Highlights: Hostiles, Lonely Press Play, The Selfish Giant, You & Me
B***pop was better than nothing, and that’s all I’m going to say. I may be as cynical and dismissive about the subject as anyone, but the fact remains: the state of pop culture is so dreadfully numb at this point of time that the overblown 20th anniversary seemed like a genuine event. To which Everyday Robots is a perfect hangover.
Grey setting, tastefully subtle fonts. Stoop-shouldered Damon Albarn sitting on a minimalist chair, having a sad little nap or perhaps just staring at the ground. The ground that wouldn’t even exist were it not for the light shadow cast by Albarn’s drooping figure. Not the most cheerful image you can think of, but somehow there is comfort and warmth to it. As well as a great deal of style. If that is not all description you need, please read on.
This album has five singles. Which is funny, because outside the chorus of “Heavy Seas Of Love” there isn’t much commercial appeal here. Everyday Robots is definitely more substantial than the rather weightless Dr. Dee from 2012, but Albarn’s past glories are left well alone. Apart from that familiar world-weary voice, the aforementioned chorus is the only explicitly Blur-esque moment here. And Gorillaz? Well, maybe the Lord Buckley samples could qualify, but that would still be a stretch.
Lazy, languid, laidback. The vibe, so transparent on the cover picture, is dragged through each and every song of the album. Frail piano lines, autumnal acoustic strumming, some glitch percussion, occasional orchestration, a reasonable dose of Brian Eno (who sings the verses of “Heavy Seas Of Love”) – ideal background to Damon Albarn’s bleak lyricism and vocal tone. “Mr. Tembo” is the only upbeat song here, but that is only a brief transition to more wistful loneliness and isolation. Even before you hear the heartbroken genius of “The Selfish Giant” (‘it’s hard to be a lover when the TV’s on’), you are well soaked through, willing to get into the seven-minute “You & Me” epic or even the lovely but listless “Hollow Ponds”.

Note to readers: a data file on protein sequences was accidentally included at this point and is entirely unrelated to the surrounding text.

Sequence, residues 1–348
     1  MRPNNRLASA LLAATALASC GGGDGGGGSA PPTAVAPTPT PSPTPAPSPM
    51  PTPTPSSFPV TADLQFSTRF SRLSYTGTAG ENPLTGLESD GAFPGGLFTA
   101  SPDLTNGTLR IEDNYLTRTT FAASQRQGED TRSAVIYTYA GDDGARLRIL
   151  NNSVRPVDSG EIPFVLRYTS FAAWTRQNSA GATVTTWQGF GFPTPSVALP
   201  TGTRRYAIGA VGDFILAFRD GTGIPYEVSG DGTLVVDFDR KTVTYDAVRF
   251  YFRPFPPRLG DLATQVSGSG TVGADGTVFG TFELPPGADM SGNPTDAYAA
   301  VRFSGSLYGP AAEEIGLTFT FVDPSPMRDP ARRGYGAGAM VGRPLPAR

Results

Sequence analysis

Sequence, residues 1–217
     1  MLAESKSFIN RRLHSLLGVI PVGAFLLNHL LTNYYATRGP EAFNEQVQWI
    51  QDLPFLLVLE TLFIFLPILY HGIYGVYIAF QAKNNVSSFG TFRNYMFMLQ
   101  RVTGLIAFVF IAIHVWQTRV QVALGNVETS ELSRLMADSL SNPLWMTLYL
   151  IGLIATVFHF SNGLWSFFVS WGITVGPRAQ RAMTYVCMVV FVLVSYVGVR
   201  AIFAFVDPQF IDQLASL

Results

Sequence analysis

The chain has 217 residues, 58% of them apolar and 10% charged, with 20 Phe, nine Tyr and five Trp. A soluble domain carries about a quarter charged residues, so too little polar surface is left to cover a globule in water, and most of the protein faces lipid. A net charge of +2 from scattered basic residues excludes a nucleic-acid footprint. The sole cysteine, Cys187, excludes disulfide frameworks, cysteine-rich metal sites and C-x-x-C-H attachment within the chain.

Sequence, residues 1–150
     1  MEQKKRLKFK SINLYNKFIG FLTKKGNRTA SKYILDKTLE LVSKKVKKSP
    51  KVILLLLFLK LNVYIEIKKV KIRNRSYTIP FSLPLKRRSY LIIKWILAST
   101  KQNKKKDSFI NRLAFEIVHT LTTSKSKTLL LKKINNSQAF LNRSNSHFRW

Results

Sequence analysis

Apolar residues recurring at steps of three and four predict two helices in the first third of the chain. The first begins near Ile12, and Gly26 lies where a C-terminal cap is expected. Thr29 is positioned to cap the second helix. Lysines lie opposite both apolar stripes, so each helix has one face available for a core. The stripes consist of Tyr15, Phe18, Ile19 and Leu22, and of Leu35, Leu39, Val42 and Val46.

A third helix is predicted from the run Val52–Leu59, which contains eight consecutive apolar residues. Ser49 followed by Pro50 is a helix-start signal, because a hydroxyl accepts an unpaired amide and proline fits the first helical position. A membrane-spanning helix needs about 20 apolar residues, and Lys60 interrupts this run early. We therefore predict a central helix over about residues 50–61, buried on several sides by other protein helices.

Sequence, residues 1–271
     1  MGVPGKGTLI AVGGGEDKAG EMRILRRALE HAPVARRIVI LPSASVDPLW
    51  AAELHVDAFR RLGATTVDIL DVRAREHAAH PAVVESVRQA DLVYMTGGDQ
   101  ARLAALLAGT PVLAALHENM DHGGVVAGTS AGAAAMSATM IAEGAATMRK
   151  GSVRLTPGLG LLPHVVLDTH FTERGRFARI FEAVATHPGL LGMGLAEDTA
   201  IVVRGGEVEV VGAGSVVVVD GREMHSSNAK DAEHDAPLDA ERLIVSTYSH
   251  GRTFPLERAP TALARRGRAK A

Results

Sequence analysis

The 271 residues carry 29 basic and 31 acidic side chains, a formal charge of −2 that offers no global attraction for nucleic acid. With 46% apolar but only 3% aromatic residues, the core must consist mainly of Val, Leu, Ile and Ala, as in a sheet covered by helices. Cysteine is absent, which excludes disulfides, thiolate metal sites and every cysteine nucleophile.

The wild party is only a memory now, but Albarn remains a great songwriter with a lot to offer. The hooks do make their understated appearance, but they are different now. They are like the gorgeous accordion in “The History Of A Cheating Heart”. They impose nothing on you, they don’t even look for your attention. And neither does this album, with its dour 21st century concept as merely an afterthought. It will leave a taste, but it will not necessarily be sour. Lyrically, “Lonely Press Play” is all melancholia and alienation. But there’s also hope there. It’s in the music.